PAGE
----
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Thread: lamp shy rabbits?

  1. #1

    lamp shy rabbits?

    This is probably a very common question, but I'd be very interested in people's experiences:

    I have 4 permissions for bunny shooting. On two, the bunnies are generally very acommodating, and sit still nicely under the lamp - even after multiple visits. On one, they started out very calm, but have recently become very difficult indeed, scattering as soon as they see a hint of light (total 6 visits over about 6 weeks). And on one they vary even within 100m or so - in one area scattering immediately, in another sitting still.

    Assuming that only one person is lamping a bit of ground (which may or may not be the case - in general, I think I'm the only person, but it can be a little hard to know for sure): how quickly do rabbits learn to be lamp shy, and what are the favoured ways to deal with this?

  2. #2
    are you using a filter? ours sit far better on a red filter than white light. We lamp for a certain period then mop up with night vision which really is the only answer if they are pretty much nocturnal. If not then obviously morning and evening at last light you can get hold of a fair few

  3. #3
    A different colour or density of filter can help, A dull lamp won't scare the bunnies so much as a bright one - I use a 35 watt halogen mini Clulite with a fairly dark red filter. You soon get used to the lower light & you don't get so much flare back from muzzle smoke or mist.
    You will get best results by being quick.
    Learn the lie of the ground & the get to know the areas where the bunnies are to be found, keep the light off the bunnies, look carefully to check no-one or livestock is in the field of fire. Get in place for a safe shot, rifle ready on sticks or rest, looking through scope, light on, quick safety check, safety off then shoot.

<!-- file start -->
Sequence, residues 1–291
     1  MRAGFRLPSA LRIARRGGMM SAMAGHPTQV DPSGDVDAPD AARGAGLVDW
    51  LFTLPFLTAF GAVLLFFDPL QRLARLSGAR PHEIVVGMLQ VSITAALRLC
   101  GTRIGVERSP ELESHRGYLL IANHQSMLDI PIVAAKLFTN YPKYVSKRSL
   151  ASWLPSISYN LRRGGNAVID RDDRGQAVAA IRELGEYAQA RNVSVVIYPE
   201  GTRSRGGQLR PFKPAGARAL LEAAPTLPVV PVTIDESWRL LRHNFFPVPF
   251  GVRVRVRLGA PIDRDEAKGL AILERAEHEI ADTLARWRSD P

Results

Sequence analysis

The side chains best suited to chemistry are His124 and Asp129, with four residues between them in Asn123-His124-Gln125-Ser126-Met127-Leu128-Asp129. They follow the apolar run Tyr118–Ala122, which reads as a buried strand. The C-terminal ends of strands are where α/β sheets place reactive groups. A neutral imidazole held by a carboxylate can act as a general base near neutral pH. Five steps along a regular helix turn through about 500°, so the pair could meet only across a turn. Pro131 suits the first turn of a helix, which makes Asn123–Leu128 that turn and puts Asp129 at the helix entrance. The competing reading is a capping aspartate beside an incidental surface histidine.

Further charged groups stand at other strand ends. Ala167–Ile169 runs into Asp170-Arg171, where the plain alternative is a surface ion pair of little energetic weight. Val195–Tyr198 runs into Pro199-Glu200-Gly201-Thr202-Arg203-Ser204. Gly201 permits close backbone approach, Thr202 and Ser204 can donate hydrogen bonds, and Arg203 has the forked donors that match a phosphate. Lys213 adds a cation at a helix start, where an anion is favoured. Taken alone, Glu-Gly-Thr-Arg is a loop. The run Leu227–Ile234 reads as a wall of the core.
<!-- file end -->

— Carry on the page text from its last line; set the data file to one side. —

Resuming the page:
This also works well for foxes.

    Ian

  4. #4
    In my experience the more you miss the more lamp shy they become, and clipping the ears or wounding them makes this even worse! - I run a vermin club at my local range where I take a lot of kids and newbies out on a few bits of land local to the range where I have permission to do so, I also have my own shoots where I take no-one but proven shots.

    The club-land is very hard going (as despite passing a shooting test they still make mistakes), and I have to resort to tactics like changing the colour of the filters or using low intensity beams with filters. Sometimes going the other way with a really high intensity white beam works (would guess it blinds them). Night vision is obviously the next thing but even then they can get wary of things like the noise of the IR torch being turned on.

    On my own shoots they rarely become lamp shy as I'm hitting most of what I aim at and try to avoid shooting bunny's in groups. The exception to this is when I've had other people shooting my permissions without my knowledge.

    My guess is that the person who gave you permission is shooting themselves or is letting someone else - as they don't understand the effect this has. The problem this causes is that because you don't know someone else has shot it, you show up the night after they've been around shooting anything that moves, and hence they learn to associate lamps and rifle noise with danger.

    My advice is that you avoid going up on specific nights so they can't predict your routine. I once caught a guy I'd been teaching going up to one of my shoots every Monday night as he knew I took people out Tuesdays - we'd show up to find nothing was showing and anything that was was lamp shy. So we'd leave it for a week or two to rest it in which time he'd been back the day before we went to shoot the rabbits again! Cheeky f*cker!